George Wesley Bellows was an American realist painter, known for his bold depictions of urban life in New York City during the early 20th century. "A Stag at Sharkey's" is one of his most famous works, painted in 1909. This painting captures a brutal boxing match in a private club, Sharkey's, which was located in the city's Lower East Side. At this time, public boxing matches were illegal in New York, but private clubs like Sharkey's found a way around the law. They would host "members-only" matches, which were often attended by the city's elite. Bellows was not a member of the club, but he was fascinated by the raw, gritty world of underground boxing. He often visited Sharkey's to sketch the fighters and the crowd. In "A Stag at Sharkey's", Bellows uses dark, dramatic colors to highlight the violence and intensity of the fight. The two boxers are shown in the middle of a fierce exchange, their bodies straining with effort. The crowd is just as animated, their faces twisted with excitement and anticipation. This painting is a powerful representation of the harsh realities of life in the city, far removed from the glamorous image often associated with New York. It also reflects the social changes taking place at the time. The early 20th century was a period of rapid industrialization and urbanization in the United States. Many people were moving to cities in search of work, leading to overcrowding and social tension. This was especially true in New York, which was becoming one of the world's leading financial and cultural centers. Bellows' paintings provide a stark, unflinching look at this turbulent period in American history. They show the struggles and hardships faced by ordinary people, as well as the resilience and determination that defined the spirit of the city. Despite the harshness of his subjects, Bellows' work is often characterized by a sense of empathy and humanity. He had a keen eye for detail and a deep understanding of human nature, which allowed him to create complex, nuanced portrayals of life in the city. His paintings are not just a record of a specific time and place, but a reflection of the human condition in all its complexity and contradiction.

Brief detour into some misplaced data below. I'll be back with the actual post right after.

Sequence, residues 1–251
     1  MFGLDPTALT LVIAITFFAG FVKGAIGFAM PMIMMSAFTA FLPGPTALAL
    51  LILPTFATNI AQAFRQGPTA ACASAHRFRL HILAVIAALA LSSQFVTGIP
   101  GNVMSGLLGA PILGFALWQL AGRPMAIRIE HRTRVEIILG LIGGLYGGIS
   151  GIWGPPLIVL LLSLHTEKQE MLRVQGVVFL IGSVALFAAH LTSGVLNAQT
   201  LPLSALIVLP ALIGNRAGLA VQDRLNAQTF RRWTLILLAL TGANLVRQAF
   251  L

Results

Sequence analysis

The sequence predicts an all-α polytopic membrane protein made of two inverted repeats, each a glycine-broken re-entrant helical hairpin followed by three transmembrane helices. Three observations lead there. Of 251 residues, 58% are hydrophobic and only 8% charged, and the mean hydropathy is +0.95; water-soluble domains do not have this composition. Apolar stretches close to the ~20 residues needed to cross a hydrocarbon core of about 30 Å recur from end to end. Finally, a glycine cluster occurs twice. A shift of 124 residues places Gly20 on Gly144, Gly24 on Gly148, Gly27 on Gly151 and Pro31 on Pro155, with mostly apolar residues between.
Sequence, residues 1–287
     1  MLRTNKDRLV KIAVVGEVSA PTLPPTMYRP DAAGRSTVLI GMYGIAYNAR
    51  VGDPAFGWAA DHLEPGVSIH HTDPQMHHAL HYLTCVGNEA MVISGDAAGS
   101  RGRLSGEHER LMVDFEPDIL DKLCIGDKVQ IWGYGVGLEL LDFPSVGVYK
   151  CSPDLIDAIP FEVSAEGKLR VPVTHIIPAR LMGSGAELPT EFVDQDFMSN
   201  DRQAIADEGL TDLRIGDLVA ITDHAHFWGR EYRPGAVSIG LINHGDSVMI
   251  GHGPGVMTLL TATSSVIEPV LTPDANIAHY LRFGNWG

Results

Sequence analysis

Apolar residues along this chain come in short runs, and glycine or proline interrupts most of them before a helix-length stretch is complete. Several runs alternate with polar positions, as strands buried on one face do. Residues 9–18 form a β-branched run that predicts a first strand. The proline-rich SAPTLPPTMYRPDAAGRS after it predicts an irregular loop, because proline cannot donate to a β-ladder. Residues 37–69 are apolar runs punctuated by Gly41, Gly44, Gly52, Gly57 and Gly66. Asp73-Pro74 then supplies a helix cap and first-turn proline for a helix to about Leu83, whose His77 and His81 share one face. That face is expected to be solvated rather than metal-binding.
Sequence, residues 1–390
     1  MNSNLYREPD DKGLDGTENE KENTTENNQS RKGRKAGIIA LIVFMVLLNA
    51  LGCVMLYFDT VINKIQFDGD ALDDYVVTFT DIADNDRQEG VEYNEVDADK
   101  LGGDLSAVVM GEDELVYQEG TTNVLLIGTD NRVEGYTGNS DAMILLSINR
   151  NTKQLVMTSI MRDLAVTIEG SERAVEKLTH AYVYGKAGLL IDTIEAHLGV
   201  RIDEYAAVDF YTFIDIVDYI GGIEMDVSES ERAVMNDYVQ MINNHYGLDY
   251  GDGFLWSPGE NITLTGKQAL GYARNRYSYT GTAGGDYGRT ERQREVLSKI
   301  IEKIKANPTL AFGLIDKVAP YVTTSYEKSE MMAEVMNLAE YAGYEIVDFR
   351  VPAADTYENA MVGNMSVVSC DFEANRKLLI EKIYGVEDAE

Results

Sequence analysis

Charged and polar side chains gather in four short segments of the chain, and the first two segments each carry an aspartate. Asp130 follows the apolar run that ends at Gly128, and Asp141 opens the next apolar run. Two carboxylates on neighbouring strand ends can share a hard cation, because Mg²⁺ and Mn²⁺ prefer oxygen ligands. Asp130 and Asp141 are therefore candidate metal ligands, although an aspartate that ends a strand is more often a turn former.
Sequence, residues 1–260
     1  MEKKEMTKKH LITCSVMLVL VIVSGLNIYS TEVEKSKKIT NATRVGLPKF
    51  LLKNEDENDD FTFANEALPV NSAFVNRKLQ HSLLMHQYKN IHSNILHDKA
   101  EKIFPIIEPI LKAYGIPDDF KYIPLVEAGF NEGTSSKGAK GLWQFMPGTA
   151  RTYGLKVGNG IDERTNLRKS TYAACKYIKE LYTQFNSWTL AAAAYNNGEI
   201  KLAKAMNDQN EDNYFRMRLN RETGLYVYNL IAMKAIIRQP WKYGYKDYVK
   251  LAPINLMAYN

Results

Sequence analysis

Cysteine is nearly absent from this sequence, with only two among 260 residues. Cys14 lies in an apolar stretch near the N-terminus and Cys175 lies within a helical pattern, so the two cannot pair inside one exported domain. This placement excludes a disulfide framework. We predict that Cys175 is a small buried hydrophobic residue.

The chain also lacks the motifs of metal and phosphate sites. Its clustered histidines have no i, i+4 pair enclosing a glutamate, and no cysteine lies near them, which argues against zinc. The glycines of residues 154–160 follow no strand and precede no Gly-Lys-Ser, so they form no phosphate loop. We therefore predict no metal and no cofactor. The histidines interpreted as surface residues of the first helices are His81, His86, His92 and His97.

"A Stag at Sharkey's" by George Wesley Bellows is a powerful depiction of the raw and brutal world of underground boxing in the early 20th century. Bellows uses his artistic skills to capture the intensity and violence of the sport, with the two boxers in the center of the painting engaged in a fierce battle. The artist's use of dark, heavy brushstrokes and stark contrasts of light and shadow add to the dramatic effect of the scene. The spectators in the background, their faces obscured by the darkness, add an element of mystery and intrigue to the painting. The painting is a reflection of the social conditions of the time, with boxing serving as a metaphor for the struggle for survival in a harsh and unforgiving world. Bellows' ability to capture the raw emotion and physicality of the boxers, as well as the excitement and tension of the crowd, makes "A Stag at Sharkey's" a compelling and thought-provoking work of art. The painting is not just a depiction of a boxing match, but a commentary on the human condition, highlighting the struggle, pain, and resilience that define our existence. Despite its violent subject matter, "A Stag at Sharkey's" is a testament to Bellows' skill as an artist and his ability to convey complex emotions and social commentary through his work.